What Did You Learn?

No matter how much experience I gain, there is always something new to learn. That is part of the appeal of endurance sport – it never gets boring. After a race or an especially challenging training session, my Coach Steve Pye’s first question was: “What did you learn?” This question is the best one we can ask ourselves each day if we want to make our path forward on this journey meaningful. This season has rubbed me pretty raw emotionally, physically, and tactically. All of that rubbing has exposed some valuable lessons, which I’m finding especially useful as I make the final, …

Crono Vino Time Trial: Fake it until I make it – or just keep faking it

On April 10th, I received this text from Karl, an athlete that I coach: I clicked the link. I read through the event description.  And, I realized: 1) Karl would do this event, and 2) I should probably hit the “register” button as well. If I’m going to think of myself as a “real” cyclist, then I need to do “bikey” things. But, the thought of showing up at an event for really real cyclists scared the crap out of me. Mostly, I was certain one or more of the following things would happen: 1) I would greatly humiliate myself, 2) I would get my ass …

I am a cyclist? I AM a cyclist.

I’m coming clean: I’ve been a hypocrite. I’ve talked a time or a dozen about how central our thoughts are for influencing the way that we act. While I walk this talk in most aspects of my athletic life, there is one area where I’ve clearly been lacking – yes, even hypocritical. I’ve said some pretty negative things about cycling. For example, I take credit for the hashtag #BikesArePoopy. More specifically, I’ve said some not-so-nice things about myself as a cyclist. I may have said a time or a dozen that I suck on the bike. I consider a compliment about my …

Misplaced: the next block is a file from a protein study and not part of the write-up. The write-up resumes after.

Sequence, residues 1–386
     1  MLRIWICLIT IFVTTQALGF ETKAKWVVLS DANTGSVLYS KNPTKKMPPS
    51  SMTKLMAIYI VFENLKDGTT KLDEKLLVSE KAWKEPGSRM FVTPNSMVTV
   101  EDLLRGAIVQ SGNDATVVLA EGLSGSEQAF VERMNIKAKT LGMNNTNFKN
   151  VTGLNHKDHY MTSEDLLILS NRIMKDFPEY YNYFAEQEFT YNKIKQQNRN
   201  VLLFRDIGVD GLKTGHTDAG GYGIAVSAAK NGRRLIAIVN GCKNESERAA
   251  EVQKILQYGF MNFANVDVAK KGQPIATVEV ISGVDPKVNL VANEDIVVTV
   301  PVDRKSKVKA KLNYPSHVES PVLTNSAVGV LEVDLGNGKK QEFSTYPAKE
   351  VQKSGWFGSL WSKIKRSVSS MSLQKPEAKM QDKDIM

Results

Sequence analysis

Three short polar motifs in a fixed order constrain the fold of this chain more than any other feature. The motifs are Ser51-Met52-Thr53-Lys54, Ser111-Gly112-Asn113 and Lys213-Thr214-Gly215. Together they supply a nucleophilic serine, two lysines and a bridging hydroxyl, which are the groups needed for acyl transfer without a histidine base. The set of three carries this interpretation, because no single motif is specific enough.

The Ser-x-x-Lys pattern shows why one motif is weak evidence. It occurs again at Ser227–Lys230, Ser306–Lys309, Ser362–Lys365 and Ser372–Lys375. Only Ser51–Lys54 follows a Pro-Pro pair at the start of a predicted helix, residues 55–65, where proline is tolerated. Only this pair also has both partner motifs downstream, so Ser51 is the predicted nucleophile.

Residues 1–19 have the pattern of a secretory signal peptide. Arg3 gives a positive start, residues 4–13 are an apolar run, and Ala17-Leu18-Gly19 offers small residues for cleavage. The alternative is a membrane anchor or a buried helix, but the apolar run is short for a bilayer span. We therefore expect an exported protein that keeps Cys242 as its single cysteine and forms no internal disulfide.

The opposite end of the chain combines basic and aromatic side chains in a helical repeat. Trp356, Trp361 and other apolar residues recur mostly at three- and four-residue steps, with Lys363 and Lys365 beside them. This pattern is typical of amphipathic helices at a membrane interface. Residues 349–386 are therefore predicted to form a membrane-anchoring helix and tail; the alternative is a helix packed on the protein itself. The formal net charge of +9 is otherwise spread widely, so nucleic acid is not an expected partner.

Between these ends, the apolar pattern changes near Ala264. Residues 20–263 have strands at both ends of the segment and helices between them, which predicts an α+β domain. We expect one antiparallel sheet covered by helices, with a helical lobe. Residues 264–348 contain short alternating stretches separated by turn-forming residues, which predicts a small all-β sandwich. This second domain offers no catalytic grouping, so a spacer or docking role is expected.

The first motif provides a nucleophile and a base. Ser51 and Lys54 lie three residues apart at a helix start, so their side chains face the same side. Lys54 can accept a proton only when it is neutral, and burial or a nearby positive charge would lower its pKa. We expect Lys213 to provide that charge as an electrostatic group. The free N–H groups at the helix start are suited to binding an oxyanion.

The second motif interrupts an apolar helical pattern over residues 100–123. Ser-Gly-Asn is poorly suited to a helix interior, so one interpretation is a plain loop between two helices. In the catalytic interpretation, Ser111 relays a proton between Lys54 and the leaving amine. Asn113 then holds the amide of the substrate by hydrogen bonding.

Eat the elephant one bite at a time 

I started my run on Sunday morning, and I wasn’t more than 20 steps in when I began to hear the voices. My legs are really sore. Why does this feel so hard if I’m running so slow? How am I going to do today’s workout feeling like this? Was that noise my joints popping?!  Ugh. It’s windy.  You know these voices, right? I bet you’ve heard them a time or a hundred. The day before, I had ridden four hours at a base ironman effort – but with a series of FTP intervals interspersed throughout. Fifty-five minutes worth of …

Asking the Right Questions: Be a Student of Your Sport

John and I were pretty clueless when we first started in endurance sport. How do we train for a triathlon or marathon? What type of fueling works best, what gear do we need? And that list of questions went on and on and on. We aren’t the type of people who like to revel in ignorance, so we asked questions of more experienced people. A lot of them. We bought books, subscribed to magazines, scoured the web, went to seminars, hired coaches, eventually became coaches ourselves – everything we could do to learn as much as we could to prepare ourselves for …

Philadelphia Freedom